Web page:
Dogs can sniff out liars
For about 14,000 years, dogs have been hanging out with humans. After all this time fitting into human groups and families, getting meals in exchange for helping people hunt, or simply for being cute and cuddly, how well do dogs know us?
Well enough to sniff out liars, suggests recent research from the University of Vienna (Proc. R. Soc. B 2021, DOI: 10.1098/rspb.2021.0906).
The research team trained pure-bred dogs to find food stashed in one of two covered bowls. A human “communicator” would touch the food-filled bowl, lock eyes with the dog, gesture, and repeat, “Look, this is very good!” Dogs ran up to the food bowl, nosed off the covering, and had a snack.
Then the researchers introduced deception. As the dogs watched, a second human would move the food from the first bowl to the second bowl, either in the presence of the communicator or while the communicator was out of the room.
Then the communicator tried to draw the dogs to the first bowl, now empty. Half of the dogs went to the empty bowl if the communicator hadn’t been in the room when the food was moved—these people, it seemed, were deemed trustworthy and worth obeying. But when the dogs observed that the communicator saw the food get moved, the majority of dogs ignored the communicator and chose the bowl they knew held food.
Terriers were the exception: dogs in this class were much more likely than others to investigate containers indicated by humans who witnessed the food switch. Perhaps, the researchers write, these breeds viewed the suggestion of the empty bucket “as an invitation to explore the first hiding place further.”
Understanding the dogs’ motivations—perhaps a mix of people pleasing, peckishness, and canine curiosity—will require further study.
Cats and chemists are famously curious—a quality celebrated in an ongoing series of illustrations by scientific artist Kelly Stanford.
Stanford’s drawings are a riff on the cartoon cat Pusheen, who started her internet career in a web comic by Clare Belton and Andrew Duff in 2010 and has since been turned into memes. Stanford’s Chemistry Pusheen drawings show the smiling gray cat pouncing on a C60 ball, synthesizing chemical compounds, and analyzing experimental results in hyperrealistic but whimsical lab settings.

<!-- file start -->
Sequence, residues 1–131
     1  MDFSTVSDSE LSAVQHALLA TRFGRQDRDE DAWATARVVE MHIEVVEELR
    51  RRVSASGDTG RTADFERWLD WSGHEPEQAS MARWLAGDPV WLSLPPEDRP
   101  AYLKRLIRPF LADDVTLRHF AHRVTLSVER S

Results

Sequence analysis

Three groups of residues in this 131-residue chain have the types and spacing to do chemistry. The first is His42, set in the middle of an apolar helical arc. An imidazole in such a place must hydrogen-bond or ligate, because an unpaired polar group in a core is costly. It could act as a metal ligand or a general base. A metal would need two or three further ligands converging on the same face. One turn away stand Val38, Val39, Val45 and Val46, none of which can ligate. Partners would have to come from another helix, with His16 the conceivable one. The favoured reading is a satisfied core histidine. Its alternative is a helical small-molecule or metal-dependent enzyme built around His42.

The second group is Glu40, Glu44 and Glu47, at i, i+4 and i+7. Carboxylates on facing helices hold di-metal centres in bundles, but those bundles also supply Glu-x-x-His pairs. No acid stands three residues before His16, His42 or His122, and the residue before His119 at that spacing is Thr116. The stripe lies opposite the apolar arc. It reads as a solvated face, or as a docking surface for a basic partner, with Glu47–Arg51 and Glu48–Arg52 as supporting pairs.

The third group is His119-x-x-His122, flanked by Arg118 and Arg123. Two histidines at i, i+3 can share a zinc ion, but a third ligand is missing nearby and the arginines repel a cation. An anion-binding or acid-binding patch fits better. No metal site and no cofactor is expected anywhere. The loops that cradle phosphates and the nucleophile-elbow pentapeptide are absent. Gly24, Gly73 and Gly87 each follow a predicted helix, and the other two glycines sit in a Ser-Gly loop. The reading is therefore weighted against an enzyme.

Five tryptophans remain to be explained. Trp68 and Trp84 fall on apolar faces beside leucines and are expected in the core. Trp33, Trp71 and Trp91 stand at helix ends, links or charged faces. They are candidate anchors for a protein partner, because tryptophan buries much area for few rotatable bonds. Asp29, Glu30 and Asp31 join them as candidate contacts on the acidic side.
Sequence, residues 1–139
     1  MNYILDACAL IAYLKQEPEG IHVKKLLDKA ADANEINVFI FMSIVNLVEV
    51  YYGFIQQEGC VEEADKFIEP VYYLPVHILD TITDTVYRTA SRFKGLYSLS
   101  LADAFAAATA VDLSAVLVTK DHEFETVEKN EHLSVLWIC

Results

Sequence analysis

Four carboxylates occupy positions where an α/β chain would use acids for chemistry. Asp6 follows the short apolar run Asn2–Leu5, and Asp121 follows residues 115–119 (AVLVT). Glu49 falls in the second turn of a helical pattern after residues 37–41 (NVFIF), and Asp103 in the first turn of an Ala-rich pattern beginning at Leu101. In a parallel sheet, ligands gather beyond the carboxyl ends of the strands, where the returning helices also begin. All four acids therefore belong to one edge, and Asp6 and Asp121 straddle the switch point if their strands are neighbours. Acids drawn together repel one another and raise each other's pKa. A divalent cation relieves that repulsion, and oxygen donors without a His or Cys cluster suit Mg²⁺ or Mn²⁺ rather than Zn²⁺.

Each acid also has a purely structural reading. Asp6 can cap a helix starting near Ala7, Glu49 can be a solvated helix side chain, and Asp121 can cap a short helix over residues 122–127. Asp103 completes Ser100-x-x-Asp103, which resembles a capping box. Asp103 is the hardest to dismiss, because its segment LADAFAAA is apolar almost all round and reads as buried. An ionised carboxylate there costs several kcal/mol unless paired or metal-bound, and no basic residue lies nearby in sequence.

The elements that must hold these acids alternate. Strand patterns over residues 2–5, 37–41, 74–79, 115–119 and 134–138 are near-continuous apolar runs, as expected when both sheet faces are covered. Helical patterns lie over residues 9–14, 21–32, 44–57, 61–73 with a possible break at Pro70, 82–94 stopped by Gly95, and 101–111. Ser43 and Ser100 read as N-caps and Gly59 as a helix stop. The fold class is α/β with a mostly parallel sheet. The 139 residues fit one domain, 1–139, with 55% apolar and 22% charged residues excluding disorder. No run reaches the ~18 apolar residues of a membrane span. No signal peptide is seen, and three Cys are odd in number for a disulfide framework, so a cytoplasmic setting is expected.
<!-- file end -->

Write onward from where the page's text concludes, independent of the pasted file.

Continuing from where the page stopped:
Stanford, who lives in Manchester, England, is currently starting a PhD program in science communication at the University of Hull. Her master’s thesis explored the effectiveness of a card game in teaching about climate change—and showed that adding art to the cards helps players learn more.
When lockdowns started last spring, Stanford, a longtime fan of Pusheen, wanted a fun side project. “I wanted to brighten people’s day during the pandemic,” she tells Newscripts. She began posting science-themed Pusheen illustrations on Twitter (@thelabartist)—and these pictures have since ended up in conference slides and on classroom walls.
Stanford says drawing Pusheen in the lab has been a fun way for her to learn more about chemistry. Stanford learns by reading, watching reaction demonstrations on YouTube, and asking chemists to send photographs of their lab setups. Getting all the details right can take a lot of time for what is meant to be a fun side project, so she sometimes has to delay her promised posts, Stanford says.
Her favorite Chemistry Pusheen is a depiction of the kitten making Bakelite, the hard plastic used to make old-fashioned telephones—a project she’d like to carry out herself. After months of drawing chemistry lab setups, Stanford is just as excited to get into the chem lab as researchers who’ve been working from home. The first thing she wants to do is get her adviser, a chemistry professor, to make Bakelite with her.
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